The effects of actual weather and climate changes on people’s experience of global warming are still subtle compared with the influence of politics. But as heat, drought, and other severe weather events continue to become more extreme, many of us hope more people will be persuaded to reduce our carbon emissions more aggressively.

Introduction: Bringing the world’s food production in line with global climate goals

People don’t link downpours with global warming. It is encouraging that some people are associating local increases in heat, dryness, and drought with the broader problem of global warming. Extreme heat is the leading weather-related cause of death in the United States, and its increasing occurrence brings greater heat-related risks, like dehydration, heat stroke and exhaustion. Moreover, these effects are disproportionately hurting the most vulnerable among us.  

Today, we are breaking heat records at twice the rate as cold records, which before the 1950s had a roughly equal chance of occurring. Drought is the most persistent of extreme weather events, and has devastating effects on agriculture and water supplies, which may explain why people were likely to recall it and link it with climate change.

In our study, people did not link local increases in heavy rainfall with global warming. Given that the connections between global warming and precipitation patterns are more complex than those for temperature alone, perhaps this is not surprising. Yet the relationship is important and has major consequences for our economy and health. Scientists recently calculated that the impact of global warming on Hurricane Sandy includes a price tag of $8 billion from the flooding damage. But many Americans don’t understand how carbon pollution could cause an increase in flooding and hurricane damage. For them, the dots have not been connected yet between cause and effects.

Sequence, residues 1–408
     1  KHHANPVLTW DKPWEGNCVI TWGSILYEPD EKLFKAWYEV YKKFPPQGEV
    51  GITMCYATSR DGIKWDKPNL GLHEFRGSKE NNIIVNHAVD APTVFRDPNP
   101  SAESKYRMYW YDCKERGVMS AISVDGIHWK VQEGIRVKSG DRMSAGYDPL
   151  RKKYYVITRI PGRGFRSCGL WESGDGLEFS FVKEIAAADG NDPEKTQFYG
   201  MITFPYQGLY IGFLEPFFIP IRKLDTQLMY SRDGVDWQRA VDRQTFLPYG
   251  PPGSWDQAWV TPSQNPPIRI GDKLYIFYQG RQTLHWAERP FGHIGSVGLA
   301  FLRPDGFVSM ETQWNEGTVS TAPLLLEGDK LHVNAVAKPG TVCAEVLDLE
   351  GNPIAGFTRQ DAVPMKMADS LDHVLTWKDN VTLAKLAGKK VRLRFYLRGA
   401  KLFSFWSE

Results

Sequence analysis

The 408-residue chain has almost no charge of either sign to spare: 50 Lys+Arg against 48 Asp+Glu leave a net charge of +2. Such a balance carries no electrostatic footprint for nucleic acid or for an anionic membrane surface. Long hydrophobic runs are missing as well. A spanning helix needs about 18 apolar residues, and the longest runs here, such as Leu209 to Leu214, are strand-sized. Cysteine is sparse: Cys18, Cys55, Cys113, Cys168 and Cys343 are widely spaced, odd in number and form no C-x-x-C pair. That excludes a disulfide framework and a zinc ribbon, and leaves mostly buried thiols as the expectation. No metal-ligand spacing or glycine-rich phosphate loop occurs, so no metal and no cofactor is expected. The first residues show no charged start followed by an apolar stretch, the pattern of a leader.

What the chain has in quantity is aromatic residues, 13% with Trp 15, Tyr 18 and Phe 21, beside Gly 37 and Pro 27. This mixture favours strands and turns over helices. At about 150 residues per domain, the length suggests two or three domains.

Many are working to connect these dots, showing how climate change is already shaping our lives, and explaining the causal chains between burning fossil fuels, heating the planet, and increasing extreme weather. Kenton Gewecke, chief meteorologist at KOMU 8 in Columbia, Missouri, is just one example. He hosts a series called “Show Me Climate,” in which he talks to scientists and explains how temperatures, rainfall patterns, storms, and other events are changing in Missouri. Gewecke says many viewers appreciate the information. If other broadcast meteorologists follow Gewecke’s lead, they’ll serve as trustworthy and knowledgeable guides to help Americans understand and learn from our experiences.




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Julius Mazzarella
Julius Mazzarella
2 years ago

Well yes I see the point of the article and true enough for sure. On the other hand crops stop growing at certain tempertures. We don’t want to wait till then to get people’s attention. It will be too late.

Last edited 2 years ago by Julius Mazzarella